Creating a more inclusive workforce one class at a time
In order to create true inclusion, organizations must walk the talk. One nonprofit agency in the SourceAmerica network is going above and beyond to touch the minds of business leaders and staff through American Sign Language (ASL) classes. Palmetto Goodwill Services has one goal in mind -- creating inclusive workforces nationwide.
With a shift to virtual events during the COVID-19 pandemic, nonprofit agency Palmetto Goodwill Services set on a mission to host online American Sign Language classes for anyone interested. The idea for public ASL classes ties directly back to workplace inclusion. Since the start of the program in 2020, Reggie Hughes, Palmetto’s Executive Director, has received testimonials from employers that no longer solely rely on interpreters to communicate with their employees who might have hearing impediments. “Knowing even the most basic form of ASL creates a friendlier environment for a segment of the population that often feels left behind,” he said.
Building the foundation
Once the idea for the classes came to fruition, Hughes sent out invitations wide and far. Using his connections, he reached out to nonprofit agencies within the SourceAmerica® and Goodwill network, community members, and more. Within the first month, Palmetto Goodwill Services held five courses capped at 25 people each and even had to initiate a waiting list. While the organization is based in Charleston, South Carolina, nonprofit agencies from across the United States, including Hawaii and Guam, have participated.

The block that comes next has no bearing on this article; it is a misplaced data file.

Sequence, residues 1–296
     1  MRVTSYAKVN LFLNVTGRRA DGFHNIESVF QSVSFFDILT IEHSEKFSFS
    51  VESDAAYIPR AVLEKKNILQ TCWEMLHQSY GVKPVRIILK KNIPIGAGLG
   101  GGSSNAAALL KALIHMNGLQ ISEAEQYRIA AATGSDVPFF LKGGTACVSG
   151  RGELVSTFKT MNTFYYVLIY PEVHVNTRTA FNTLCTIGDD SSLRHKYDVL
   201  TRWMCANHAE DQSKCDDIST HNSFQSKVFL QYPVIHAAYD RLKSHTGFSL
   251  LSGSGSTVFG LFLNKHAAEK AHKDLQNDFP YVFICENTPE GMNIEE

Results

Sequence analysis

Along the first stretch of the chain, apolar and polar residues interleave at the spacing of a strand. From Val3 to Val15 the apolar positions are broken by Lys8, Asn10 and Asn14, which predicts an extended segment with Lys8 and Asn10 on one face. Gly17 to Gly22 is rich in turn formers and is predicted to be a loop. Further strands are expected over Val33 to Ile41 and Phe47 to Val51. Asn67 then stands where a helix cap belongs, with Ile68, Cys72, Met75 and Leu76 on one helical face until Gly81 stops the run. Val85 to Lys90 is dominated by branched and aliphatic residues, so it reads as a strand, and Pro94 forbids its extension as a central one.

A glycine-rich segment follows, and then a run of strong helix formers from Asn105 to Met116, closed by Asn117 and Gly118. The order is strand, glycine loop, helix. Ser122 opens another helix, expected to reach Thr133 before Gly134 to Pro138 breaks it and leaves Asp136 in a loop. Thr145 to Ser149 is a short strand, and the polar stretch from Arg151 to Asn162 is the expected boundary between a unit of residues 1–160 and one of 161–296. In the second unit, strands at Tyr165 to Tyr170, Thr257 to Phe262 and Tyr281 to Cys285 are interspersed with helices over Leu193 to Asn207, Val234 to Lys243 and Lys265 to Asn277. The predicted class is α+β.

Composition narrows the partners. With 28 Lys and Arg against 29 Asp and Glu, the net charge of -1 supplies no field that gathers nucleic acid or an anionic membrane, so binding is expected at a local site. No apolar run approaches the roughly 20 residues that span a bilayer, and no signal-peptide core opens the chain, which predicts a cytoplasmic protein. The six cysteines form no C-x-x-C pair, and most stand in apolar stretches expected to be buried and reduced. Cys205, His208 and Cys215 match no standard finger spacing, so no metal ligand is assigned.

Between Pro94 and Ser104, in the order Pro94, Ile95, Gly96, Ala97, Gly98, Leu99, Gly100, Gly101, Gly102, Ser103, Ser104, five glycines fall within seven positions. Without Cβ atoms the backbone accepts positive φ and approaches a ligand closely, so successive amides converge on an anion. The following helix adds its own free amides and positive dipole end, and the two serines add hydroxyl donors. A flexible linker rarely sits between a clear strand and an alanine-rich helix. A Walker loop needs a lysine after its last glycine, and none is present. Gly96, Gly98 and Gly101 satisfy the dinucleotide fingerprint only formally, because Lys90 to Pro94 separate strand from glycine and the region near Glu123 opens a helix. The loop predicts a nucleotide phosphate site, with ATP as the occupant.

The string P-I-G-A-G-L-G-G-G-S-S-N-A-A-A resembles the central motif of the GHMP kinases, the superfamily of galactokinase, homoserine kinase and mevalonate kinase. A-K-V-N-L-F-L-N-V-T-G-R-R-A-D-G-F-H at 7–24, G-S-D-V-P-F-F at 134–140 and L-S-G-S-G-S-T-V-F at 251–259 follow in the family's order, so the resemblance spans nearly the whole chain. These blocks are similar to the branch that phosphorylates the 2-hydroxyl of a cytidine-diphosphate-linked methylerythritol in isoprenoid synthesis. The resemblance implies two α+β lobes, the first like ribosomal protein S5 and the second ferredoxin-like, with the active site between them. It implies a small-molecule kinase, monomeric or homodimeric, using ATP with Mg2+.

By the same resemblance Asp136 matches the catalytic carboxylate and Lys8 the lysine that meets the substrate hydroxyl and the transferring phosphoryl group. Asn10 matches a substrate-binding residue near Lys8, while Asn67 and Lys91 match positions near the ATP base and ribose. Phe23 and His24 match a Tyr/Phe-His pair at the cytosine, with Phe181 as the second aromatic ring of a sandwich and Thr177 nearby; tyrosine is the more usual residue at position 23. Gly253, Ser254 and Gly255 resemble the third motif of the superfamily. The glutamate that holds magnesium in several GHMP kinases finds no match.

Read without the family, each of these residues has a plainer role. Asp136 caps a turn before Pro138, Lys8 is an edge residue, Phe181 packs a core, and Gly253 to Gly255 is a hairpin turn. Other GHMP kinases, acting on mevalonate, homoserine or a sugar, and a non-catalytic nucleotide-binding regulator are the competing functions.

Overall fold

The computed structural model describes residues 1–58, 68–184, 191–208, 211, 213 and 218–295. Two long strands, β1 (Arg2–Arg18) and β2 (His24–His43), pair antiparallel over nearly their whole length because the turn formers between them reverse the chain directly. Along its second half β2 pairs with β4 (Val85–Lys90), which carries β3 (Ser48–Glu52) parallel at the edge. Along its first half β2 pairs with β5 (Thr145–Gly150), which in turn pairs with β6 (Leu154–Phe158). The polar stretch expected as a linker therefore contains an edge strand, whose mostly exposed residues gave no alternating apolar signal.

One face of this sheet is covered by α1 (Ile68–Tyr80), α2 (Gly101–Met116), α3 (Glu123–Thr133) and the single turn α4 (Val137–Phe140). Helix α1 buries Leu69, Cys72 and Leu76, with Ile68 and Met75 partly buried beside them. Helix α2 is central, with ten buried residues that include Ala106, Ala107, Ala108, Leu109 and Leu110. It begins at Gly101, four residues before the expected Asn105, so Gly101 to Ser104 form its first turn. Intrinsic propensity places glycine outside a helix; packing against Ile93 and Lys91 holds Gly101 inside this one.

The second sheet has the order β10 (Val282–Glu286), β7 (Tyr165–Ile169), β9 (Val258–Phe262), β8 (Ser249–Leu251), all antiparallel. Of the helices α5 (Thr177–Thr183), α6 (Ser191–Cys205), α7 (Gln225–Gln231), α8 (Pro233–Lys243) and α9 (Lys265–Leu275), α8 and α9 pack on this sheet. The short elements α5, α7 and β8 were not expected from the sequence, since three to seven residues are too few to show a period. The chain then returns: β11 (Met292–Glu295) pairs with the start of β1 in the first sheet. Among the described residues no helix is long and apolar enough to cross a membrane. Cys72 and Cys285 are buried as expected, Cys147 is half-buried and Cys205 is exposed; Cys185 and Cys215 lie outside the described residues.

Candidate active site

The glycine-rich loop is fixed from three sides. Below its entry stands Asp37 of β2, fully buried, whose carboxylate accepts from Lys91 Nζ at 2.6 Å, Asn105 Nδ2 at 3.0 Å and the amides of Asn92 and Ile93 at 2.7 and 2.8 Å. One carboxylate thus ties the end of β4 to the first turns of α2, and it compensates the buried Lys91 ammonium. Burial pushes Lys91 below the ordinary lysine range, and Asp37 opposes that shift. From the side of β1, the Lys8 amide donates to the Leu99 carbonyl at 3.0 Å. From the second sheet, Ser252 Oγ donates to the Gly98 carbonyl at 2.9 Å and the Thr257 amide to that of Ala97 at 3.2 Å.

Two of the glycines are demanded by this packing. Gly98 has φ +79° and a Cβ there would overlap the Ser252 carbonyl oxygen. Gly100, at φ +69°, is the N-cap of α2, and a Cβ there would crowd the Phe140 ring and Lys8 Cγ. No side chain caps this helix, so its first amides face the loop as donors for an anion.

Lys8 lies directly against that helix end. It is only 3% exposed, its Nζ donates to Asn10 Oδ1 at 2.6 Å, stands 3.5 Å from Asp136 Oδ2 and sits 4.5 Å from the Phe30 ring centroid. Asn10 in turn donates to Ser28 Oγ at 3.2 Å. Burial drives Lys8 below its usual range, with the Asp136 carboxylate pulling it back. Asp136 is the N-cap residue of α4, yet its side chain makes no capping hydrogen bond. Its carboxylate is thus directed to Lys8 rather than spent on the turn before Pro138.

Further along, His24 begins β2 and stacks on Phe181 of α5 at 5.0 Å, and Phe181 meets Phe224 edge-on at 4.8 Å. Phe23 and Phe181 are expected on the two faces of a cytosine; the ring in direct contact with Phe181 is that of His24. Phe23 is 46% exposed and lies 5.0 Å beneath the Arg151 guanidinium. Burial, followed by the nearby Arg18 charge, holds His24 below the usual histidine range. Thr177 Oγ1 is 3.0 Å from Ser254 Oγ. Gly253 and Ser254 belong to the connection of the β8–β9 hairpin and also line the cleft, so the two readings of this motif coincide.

Since the start of the program, momentum has continued to grow. “By the end of the year, I want to hit the 500 people mark for those who have completed the full set of ASL classes,” said Hughes. “The truth is we are well on track to meet that goal.”
Hughes gives credit to SourceAmerica for the initial boost in numbers. At the onset, he reached out to SourceAmerica’s Learning Solution and Financial Assistance teams to ask if nonprofit agencies within its network could utilize training grant funds to cover the $300 cost of the classes. Without hesitation, SourceAmerica agreed to reimburse the cost to nonprofits willing to participate.
Blazing a trail for the future
Around 3% of Palmetto Goodwill Services’ AbilityOne employees are deaf. The organization recognizes the communications gap between those that are hearing impaired and those who are not and educating people in ASL is one way to close it. Hughes has seen first-hand the way employees who are deaf light up when others are able to communicate with them directly, and he hopes more nonprofit agencies will soon take advantage of this opportunity. While individuals from 20 states have already participated in the program, the agency’s goal is to touch the lives of people in all 50 states.
Palmetto Goodwill Services’ efforts have broadened to beyond the United States. In fact, the organization has allocated technology via a corporate donation received for $5,000 dollars to support the deaf community in the Virgin Islands. “Our ASL program is allowing us to reach people from all over the world,” said Hughes.
If you’re interested in participating in the ASL classes, please email Reggie Hughes at email@example.com.
To learn more about how your organization can employ people with disabilities, contact firstname.lastname@example.org.